X-Men’s Jane Goldman Joining Fables Film Writing Team, Updates on Rowling’s Fantastic Beasts
Also, the Fables movie is still a thing that is happening.
David Heyman’s Paddington is making hay
men at the box office, and so he’s doing the usual press thing, which means he’s being asked about his other projects, i.e., two geek properties that have women writing their screenplays, so, up our alley.
In an interview with Spinoff, Heyman mentions that the Fables movie, based on Bill Willingham’s graphic novels, is still pushing towards becoming a real production. Director Nik Arcel has finished his first draft of the script, and, says Heyman, is now collaborating with Jane Goldman. Goldman’s credits include the upcoming Kingsman, as well as plenty of successful work in adapting comics for film, with Kick-Ass, X-Men: First Class, and X-Men: Days of Future Past under her belt. So hold on to your pants, Fables fans, that movie’s still kicking its way through pre-production.
But Heyman hasn’t forgotten the other highly anticipated fan project he’s working on, namely Fantastic Beasts and Where to Find Them, the first Harry Potter film not be a direct adaptation of one of the books, and the first to have a screenplay written by J.K. Rowling herself. And for Heyman’s part, he says that working with Rowling has been a joy.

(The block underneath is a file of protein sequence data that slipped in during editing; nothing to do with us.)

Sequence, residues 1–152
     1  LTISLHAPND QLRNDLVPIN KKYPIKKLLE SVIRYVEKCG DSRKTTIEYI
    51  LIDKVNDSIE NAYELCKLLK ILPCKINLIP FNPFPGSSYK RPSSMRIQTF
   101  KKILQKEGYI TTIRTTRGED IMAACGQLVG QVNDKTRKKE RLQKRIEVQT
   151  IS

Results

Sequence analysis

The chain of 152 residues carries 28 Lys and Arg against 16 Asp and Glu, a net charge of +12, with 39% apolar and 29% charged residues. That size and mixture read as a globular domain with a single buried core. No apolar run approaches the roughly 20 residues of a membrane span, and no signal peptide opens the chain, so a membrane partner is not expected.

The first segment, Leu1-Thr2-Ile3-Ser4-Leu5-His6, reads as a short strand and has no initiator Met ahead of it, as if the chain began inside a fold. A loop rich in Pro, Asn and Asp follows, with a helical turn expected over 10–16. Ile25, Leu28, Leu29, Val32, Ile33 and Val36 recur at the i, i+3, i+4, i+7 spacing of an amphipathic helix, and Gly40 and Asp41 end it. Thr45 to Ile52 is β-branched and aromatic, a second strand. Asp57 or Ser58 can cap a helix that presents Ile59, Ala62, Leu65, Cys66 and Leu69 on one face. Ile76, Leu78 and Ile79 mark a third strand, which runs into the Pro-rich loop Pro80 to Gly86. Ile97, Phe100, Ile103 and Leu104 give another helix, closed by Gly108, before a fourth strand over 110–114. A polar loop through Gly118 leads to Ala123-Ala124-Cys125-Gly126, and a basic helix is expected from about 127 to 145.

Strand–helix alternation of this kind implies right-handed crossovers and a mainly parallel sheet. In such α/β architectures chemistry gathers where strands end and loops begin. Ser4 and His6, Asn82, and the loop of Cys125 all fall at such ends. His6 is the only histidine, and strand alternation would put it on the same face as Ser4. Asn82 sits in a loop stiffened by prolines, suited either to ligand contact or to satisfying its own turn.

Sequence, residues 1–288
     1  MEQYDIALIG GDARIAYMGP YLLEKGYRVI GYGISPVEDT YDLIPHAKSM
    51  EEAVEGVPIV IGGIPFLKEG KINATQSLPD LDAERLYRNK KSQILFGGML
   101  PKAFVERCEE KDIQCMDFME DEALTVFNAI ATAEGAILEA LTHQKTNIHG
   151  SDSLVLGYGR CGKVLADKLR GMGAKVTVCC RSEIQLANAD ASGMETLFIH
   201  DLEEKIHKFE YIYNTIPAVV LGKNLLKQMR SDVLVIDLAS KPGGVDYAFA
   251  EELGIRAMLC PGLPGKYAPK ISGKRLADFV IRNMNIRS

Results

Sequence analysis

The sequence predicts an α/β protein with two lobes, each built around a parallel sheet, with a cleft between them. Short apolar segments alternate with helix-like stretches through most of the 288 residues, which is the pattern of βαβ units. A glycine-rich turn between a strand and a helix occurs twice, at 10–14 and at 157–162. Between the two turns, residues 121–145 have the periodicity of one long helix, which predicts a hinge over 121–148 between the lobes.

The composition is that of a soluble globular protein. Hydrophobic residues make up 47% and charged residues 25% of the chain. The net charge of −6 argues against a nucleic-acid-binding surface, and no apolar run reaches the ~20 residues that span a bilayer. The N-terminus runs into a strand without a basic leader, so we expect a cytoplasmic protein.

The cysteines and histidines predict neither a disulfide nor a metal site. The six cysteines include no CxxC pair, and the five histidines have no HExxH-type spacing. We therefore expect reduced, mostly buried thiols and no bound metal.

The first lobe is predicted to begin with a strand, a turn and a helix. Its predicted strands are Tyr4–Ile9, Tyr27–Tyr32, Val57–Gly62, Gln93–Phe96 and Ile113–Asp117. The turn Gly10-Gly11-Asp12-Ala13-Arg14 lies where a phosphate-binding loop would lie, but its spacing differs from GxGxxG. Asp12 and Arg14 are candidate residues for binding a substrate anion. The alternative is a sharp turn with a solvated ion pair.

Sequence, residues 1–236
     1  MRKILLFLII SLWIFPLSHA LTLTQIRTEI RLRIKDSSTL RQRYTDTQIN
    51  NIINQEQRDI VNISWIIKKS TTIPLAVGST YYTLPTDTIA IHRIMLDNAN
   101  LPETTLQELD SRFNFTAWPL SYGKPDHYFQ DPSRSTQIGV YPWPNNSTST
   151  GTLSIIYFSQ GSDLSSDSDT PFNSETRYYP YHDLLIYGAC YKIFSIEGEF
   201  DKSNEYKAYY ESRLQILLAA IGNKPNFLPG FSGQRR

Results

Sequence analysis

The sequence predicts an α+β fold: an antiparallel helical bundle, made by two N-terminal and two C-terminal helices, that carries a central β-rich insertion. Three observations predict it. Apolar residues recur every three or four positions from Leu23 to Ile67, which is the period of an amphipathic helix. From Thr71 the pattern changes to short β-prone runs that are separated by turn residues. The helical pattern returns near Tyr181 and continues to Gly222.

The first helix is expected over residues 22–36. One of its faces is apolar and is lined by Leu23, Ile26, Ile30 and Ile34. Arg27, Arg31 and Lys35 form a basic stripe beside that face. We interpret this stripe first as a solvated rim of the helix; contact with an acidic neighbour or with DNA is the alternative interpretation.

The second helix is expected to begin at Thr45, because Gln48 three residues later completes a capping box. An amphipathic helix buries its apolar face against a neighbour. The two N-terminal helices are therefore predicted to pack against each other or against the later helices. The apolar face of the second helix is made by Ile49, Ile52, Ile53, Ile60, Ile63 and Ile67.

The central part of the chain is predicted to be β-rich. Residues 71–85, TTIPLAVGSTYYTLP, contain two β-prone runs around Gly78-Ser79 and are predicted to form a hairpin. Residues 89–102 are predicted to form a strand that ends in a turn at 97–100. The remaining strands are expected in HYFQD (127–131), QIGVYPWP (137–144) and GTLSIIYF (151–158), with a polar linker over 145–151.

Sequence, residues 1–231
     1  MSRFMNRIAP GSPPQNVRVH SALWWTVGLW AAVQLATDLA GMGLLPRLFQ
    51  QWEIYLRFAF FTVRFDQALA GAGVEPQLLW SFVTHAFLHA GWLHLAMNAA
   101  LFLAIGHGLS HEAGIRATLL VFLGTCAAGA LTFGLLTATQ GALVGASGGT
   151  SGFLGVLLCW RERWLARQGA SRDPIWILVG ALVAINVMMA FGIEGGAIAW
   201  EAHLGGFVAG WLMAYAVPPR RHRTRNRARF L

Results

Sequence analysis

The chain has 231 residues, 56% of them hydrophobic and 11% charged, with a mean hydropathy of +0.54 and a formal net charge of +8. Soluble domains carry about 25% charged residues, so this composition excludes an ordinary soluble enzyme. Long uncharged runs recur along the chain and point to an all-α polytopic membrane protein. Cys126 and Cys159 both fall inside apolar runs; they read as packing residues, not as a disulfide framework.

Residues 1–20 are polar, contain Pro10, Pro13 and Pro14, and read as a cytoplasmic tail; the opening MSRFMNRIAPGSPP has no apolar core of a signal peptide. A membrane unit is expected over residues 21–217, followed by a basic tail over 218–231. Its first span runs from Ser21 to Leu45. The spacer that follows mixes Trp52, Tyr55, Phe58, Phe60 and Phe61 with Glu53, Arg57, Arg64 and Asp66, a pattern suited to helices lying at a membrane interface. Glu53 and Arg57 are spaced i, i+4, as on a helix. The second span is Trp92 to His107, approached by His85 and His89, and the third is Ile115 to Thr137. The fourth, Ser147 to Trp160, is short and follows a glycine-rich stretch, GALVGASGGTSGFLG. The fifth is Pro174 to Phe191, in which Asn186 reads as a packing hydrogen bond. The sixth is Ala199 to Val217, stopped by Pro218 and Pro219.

She sure as hell can write screenplays! She’s a writer. What’s been incredible working with her is her tireless imagination, but also her humility. As a novelist, an editor may make suggestions, but especially her with the success she’s had, with this, she brings an incredibly vivid imagination, wonderful characters, and I think it’s going to be amazing. So working with her is like working with a master – but a master with such humility and sense of collaboration. She knows that David Yates is going to direct this film, and she is working with him and Steve Kloves and us all to make it as good as it can be, to shape it to make it the best film that we can. So there’s a real humility there, and at the same time incredible confidence and originality as a screenwriter.
Sounds like a pretty smooth transition for a first-time screenwriter, and one that I’d be interested to observe even if I wasn’t into the Harry Potter books.
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